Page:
4. Once upon a time in America, before Government got in the business of Charity; Doctors (including Dentists) knew a significant portion of their business was to provide Charity Care to the poorer members of the community they served.

  5. Now, it’s Dentists up against the wall? This site is developing all the class envy of a Che Geuvara fan club.

  6. Bullshit …
    #1. There is no pre-auth for extractions.. #2 Medicaid does not allow preauths for new fiscal year until that year!
    #3 it is not the dentist responsibility that the patient no longer has insurance … just like if he worked for someone and he quit or got fired he looses his insurance. It’s the patient responsibility. #4 patient is whole.. he can live without teeth.. many do .. that’s a luxury item..
    God forbid we hold the person responsible for himself!

  7. Crazy how one story on ADN shows that one man is left without dental coverage (after the Governor’s Vetoes) while a second story shows that another man is awarded a $100,000 dollar “no bid” contract to study another “bridge to nowhere”? Seem Fair?
    “Empathy, and its close cousin compassion, can be reflected in public policy that shows concern for fellow humans. In response to the economic crisis of the 1930s, for example, America embraced the New Deal…
    Contrast this to the mood in America today, where almost all discourse is uncivil, whether online, on cable television or on the debate stage, and the utter lack of empathy becomes apparent. Nobody cares to calm down, to consider what it’s like to walk in the other person’s shoes, to entertain the notion that others may feel the way they do for reasons that are understandable and valid.”


  8. I will put in a plug for Solstice Denistry whose staff was kind enough to allow me to make monthly payments after I recieved TWO root canals but saved all my teeth when I had a severe gum infection caused by dying nerve roots. I was a 68 year old retiree with no dental insurance and no extra money for unexpected dental emergencies.But I still have all my teeth and am committed to taking them ALL to the grave with me.

    • They are my dentists as well. They have bent over backwards to make sure my family and I can have the necessary dental care we need. Having said that, we do have dental insurance. I’m not sure about everyone else’s employers, but my husband’s employer’s plan on dental and vision is inexpensive enough that we can get minimal insurance. It’s 100% preventative, 80% standard and 50% major. I only get $1500 a year covered, so I have to make the work count, but both the office in Anchorage and now the one in Wasilla work very hard to help us out. Money isn’t their main concern. Our teeth are.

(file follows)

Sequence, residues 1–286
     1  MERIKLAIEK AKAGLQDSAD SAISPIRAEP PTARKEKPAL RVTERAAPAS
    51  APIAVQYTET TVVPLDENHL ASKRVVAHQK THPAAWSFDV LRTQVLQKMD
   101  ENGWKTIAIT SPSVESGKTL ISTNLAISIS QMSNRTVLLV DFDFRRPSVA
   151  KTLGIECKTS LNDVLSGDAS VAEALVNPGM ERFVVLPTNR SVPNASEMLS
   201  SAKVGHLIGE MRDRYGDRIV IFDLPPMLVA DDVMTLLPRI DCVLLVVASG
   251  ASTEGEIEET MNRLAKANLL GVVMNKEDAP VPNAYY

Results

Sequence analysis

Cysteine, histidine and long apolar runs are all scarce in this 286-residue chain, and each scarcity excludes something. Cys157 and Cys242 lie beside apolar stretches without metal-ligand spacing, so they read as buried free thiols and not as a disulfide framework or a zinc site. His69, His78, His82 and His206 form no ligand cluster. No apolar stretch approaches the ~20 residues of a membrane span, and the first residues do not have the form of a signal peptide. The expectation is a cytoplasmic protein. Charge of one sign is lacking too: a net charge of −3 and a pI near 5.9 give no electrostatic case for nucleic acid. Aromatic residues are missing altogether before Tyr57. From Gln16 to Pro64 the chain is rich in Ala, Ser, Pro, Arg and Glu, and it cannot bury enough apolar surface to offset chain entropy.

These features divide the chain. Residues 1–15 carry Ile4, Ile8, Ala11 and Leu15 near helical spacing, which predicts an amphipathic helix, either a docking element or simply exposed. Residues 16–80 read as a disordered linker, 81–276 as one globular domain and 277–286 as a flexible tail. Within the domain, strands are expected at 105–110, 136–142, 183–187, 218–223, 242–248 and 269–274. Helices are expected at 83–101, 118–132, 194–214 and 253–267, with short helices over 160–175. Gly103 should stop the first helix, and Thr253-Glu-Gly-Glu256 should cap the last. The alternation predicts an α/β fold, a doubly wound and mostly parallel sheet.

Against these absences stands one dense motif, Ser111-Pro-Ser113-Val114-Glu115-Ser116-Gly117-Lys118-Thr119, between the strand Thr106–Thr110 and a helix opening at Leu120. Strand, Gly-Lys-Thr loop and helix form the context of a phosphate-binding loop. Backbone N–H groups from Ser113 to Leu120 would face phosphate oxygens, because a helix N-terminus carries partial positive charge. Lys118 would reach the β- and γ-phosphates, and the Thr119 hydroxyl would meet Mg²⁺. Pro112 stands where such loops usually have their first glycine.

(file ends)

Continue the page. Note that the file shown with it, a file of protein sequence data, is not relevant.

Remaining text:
Unfortunately, I have no health care. Hubby’s employer would charge us $400 a month for that. (It used to be $1000.)

      Also, I could never see Solstice pulling all this man’s teeth without trying to work out getting him some teeth.

  9. Why were his teeth removed, perhaps significant infection and pain? Dental infection and painful teeth and gums are the usual reason teeth are removed. Dental infection can be deadly. The timing for the removal may be totally due to the need to remove significant infection and relieve pain and not due to any prosthetic or financial considerations. Yes, I am a retired dentist.

  10. False teeth! C’mon. Put em in. Take em out. Brush em in the palm of your hand. New choppers are the ticket!

  11. Just within the last couple of days I had an emergency Root Canal procedure by a visiting oral surgeon from Juneau. That he squeezed me in and with a cancellation, operated. Very professional, emphatic to my pain. In this case. my dental plan had been eviscerated by prior dental demands for the year. This incident became a out of pocket expense. I found the charge well within reason for the talent and outcome.
    Yes, I could go to Mexico as several of my “Snow birds” do for very reasonable charges for similar needs and I applaud their ability to do so.
    In my case, that is not going to be an option. nor do I desire to travel great distance for service I can receive locally (visiting Doctors included) from practitioners who have invested time and funds to obtain the level of professionalism required to service patients while living in our similar high cost of everything society of Southern Southeast Alaska

  12. If you lose an arm from a car accident while driving drunk, is the hospital responsible for giving you a prosthetic for free if insurance doesn’t cover it?

    Its not too uncommon for dentists to let the guns heal for a couple months before they make the dentures. If the patient can’t afford dentures then that’s their problem.

    You are writing a topic about dental insurance but it is apparent that you don’t know much about the topic. Or about dentistry.

  13. Former Judge Michael Core wyas thrown out for showing zero empathy for the victim and coddling the criminal.
    He could have held a ten minute status hearing to find out what Grannick actually did to find the victim but Corey couldn’t be bothered.
    Turns out, they lied about trying to contact her and her refusal to cooperate.
    Good riddance to a judge who didn’t give a damn. A few more need to go in 2020.